Reporters Without Borders Annual Report 2004 - East Timor
|Publisher||Reporters Without Borders|
|Cite as||Reporters Without Borders, Reporters Without Borders Annual Report 2004 - East Timor, 2004, available at: http://www.refworld.org/docid/46e690f623.html [accessed 21 September 2017]|
|Disclaimer||This is not a UNHCR publication. UNHCR is not responsible for, nor does it necessarily endorse, its content. Any views expressed are solely those of the author or publisher and do not necessarily reflect those of UNHCR, the United Nations or its Member States.|
A year after its proclamation of independence, East Timor is one of the Asian countries that most respects press freedom. But journalists are sometimes accused by authorities of being too outspoken.
Before leaving the country he led to independence, UN administrator Sergio Vieira de Mello said the people of East Timor needed their journalists in order to be informed, to hear different voices and to be sure that the government's policies were conducted in a transparent fashion.
UN support for the reconstruction of the state and privately-owned press has clearly been a success. East Timor's press legislation is one of the most liberal in Asia and attacks on journalists are extremely rare. The country has about 10 independent newspapers and magazines, as well as community radio stations and one TV station. The newspapers that have had most success are the dailies Timor Post and Lalenok, and the weeklies Talitakum, Lian Maubere and Tais Timor.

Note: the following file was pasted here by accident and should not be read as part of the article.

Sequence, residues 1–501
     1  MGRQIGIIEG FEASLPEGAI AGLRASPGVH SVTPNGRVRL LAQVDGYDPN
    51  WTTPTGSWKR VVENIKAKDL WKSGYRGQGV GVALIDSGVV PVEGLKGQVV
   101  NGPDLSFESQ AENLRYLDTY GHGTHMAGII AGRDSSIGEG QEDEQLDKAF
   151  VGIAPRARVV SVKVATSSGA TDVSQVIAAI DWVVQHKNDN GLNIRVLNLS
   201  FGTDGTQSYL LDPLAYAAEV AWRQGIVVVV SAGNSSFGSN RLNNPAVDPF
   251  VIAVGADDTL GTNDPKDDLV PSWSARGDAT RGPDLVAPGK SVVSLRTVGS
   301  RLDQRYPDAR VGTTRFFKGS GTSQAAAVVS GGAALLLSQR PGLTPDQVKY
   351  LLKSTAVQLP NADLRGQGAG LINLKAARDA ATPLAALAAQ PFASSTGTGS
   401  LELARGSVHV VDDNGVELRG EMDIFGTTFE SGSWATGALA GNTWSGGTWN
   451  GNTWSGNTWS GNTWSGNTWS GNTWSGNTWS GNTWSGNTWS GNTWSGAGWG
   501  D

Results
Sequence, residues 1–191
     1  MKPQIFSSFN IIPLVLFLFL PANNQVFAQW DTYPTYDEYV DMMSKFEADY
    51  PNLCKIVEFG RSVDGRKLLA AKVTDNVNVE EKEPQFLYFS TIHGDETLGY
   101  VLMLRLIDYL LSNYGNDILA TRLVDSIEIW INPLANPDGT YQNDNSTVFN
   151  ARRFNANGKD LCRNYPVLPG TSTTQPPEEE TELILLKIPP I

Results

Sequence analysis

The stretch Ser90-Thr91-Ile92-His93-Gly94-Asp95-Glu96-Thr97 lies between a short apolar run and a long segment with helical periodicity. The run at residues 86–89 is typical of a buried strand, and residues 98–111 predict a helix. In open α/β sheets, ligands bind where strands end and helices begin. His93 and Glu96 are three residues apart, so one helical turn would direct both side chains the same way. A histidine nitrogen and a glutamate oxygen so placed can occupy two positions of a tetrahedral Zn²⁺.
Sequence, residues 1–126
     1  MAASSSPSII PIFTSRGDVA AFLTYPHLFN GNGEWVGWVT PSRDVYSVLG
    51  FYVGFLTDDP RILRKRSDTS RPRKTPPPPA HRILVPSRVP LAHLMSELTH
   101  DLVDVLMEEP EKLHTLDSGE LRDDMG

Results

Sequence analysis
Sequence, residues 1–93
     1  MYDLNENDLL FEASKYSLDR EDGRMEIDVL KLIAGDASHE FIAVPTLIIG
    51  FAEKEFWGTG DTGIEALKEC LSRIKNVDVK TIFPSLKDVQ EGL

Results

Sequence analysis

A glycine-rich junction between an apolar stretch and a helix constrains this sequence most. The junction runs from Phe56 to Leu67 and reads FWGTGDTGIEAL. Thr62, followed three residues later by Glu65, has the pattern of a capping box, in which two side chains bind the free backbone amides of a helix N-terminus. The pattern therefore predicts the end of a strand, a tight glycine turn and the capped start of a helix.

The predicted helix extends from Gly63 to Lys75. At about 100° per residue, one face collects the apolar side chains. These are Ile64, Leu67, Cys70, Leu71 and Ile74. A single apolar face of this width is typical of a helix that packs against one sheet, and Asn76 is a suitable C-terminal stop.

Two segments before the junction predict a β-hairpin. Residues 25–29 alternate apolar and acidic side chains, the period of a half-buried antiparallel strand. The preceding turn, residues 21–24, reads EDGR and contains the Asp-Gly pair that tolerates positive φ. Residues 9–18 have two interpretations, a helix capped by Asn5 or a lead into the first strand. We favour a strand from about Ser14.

The authorities often reiterate their support for press freedom, while insisting on respect for professional ethics. Some public figures called the media to order in 2003. President "Xanana" Gusmão told journalists: "It is true that you have the freedom to criticise, but don't abuse it."
There was tension between the government and journalists working for the state-owned media in August. Secretary of state Gregorio de Sousa wrote to Virgilio Guterres, the chairman of the board of governors of the state radio and TV broadcaster, on 4 August claiming that its staff lacked "responsibility, impartiality and independence." He accused them of turning the state broadcaster into "an instrument of propaganda against the government... with the aim of stirring up the population." He asked the governors to "analyse the practices of certain journalists and, if necessary, to take disciplinary measures or refer their cases to the state prosecutor." These warnings were prompted by the state media's coverage of a conflict between opposition politician Mario Carrascalao and the ruling party. The chairman responded by accusing the government of violating press freedom and state media independence. The prime minister rejected these charges on 14 August, saying De Sousa's letter just offered advice on how to improve the quality of programmes in the state media.
The families of TV journalists Greg Shackleton, Gary Cunningham, Tony Stewart, Brian Peters and Malcolm Rennie inaugurated a memorial at the end of October in the house in the eastern town of Balibo where the five journalists resided before being killed by the Indonesian army in October 1975. At the time, the Indonesian authorities refused to let relatives enter Indonesia to attend their funerals. The circumstances of their death have still not been clarified. A new investigation was begun in 2001 by the East Timor prosecutor and the UN but it has not yet concluded. The Indonesian authorities refused to let the investigators interrogate former military and political officials who were in Timor at the time.